Scientists track evolution and spread of deadly fungus, one of the world's major killers

May 3, 2011

New research has shed light on the origins of a fungal infection which is one of the major causes of death from AIDS-related illnesses. The study, published today in the journal PLoS Pathogens, funded by the Wellcome Trust and the BBSRC, shows how the more virulent forms of Cryptococcus neoformans evolved and spread out of Africa and into Asia.

is a species of often highly aggressive fungi. One particular strain of the – known as Cryptococcus neoformas variety grubii (Cng) – causes meningitis amongst patients with compromised immune systems following HIV infection. There are believed to over up to a million cases of cryptococcal meningitis each year, resulting in over 600,000 deaths. Infection with the fungus, which invades the central nervous system, is treated with a life long therapy of antifungal drugs, which can have highly unpleasant side effects.

Sitali Simwami and Dr Matthew Fisher from Imperial College London, together with colleagues from St Georges, University of London, Naresuan University, Thailand, and the CBS Fungal Biodiversity Centre, The Netherlands, used genetic sequencing techniques to compare the genetic diversity of Cng in 183 samples taken from the clinic and the environment in Thailand against the 77 samples from a global database. Thailand has an emerging HIV epidemic and nearly one in five HIV-infected patients are affected by cryptococcal infection.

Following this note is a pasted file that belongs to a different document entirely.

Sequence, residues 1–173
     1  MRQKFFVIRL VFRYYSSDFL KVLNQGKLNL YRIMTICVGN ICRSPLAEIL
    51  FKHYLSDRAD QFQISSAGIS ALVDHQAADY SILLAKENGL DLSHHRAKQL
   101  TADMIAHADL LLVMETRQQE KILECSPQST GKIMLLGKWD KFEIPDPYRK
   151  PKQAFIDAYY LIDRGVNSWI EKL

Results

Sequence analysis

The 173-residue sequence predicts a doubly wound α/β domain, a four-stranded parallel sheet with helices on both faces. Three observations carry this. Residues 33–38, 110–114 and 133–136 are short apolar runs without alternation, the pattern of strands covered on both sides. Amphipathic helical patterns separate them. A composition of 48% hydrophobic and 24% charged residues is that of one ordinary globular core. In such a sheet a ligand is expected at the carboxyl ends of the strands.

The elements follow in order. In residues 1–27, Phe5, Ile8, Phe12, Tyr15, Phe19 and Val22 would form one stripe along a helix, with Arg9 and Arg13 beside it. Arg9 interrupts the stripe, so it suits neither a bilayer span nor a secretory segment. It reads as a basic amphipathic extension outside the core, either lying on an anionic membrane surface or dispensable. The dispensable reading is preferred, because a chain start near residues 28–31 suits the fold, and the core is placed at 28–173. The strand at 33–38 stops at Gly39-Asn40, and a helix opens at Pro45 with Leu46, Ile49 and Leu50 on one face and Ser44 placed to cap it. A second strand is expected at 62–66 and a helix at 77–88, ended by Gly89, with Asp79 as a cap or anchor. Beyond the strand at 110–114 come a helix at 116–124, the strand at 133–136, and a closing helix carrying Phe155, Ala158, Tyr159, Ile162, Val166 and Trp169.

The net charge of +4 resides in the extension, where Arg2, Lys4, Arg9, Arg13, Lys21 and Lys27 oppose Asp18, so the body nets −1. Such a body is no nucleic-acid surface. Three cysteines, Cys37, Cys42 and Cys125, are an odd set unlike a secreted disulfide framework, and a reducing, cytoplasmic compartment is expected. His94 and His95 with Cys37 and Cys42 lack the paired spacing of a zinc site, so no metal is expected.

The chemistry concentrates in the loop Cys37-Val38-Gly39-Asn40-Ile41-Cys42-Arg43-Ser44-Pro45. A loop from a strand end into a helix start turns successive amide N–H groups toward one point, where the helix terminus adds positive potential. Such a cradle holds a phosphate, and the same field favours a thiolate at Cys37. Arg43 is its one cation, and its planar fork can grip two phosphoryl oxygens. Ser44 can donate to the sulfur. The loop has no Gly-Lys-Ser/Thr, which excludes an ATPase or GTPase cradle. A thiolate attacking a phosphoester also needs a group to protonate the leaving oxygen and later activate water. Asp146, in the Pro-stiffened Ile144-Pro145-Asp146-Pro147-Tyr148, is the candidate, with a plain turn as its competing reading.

"Cryptococcal meningitis kills hundreds of thousands of people each year, almost as many as malaria, yet gets little attention," explains Dr Fisher. "We know very little about where it originated from and how it evolved. If we can track its evolution and diversity, then we can begin to understand where the pathogen originates from, how it infects people and how it adapts to become more – or less – virulent. This information will be valuable in helping us identify potential therapeutic targets in the future."

The researchers found that Cng in Thailand exhibits significantly less genetic diversity in comparison to other areas of the world, especially Africa where many different lineages of the pathogen occur. This suggests that populations of the fungus in Africa will have a wider spectrum of virulent strains and higher rates of adaptation to antifungal treatments, implying that clinicians need to pay particular attention to the risk of drug-resistant forms of the fungus here.

Their analysis also suggested that the pathogen was introduced from Africa to Asia at some point within the last 7,000 years. Many human infectious diseases are thought to have emerged within the last 11,000 years, following the rise of agriculture and domestication of animals. In particular, it supports the idea that the pathogen was imported via infected pigeons, which were domesticated around 5,000 years ago. The common pigeon, which originated in Africa, is considered to be a carrier and potential spreader of the fungus, its faeces being a common environmental source of Cng.

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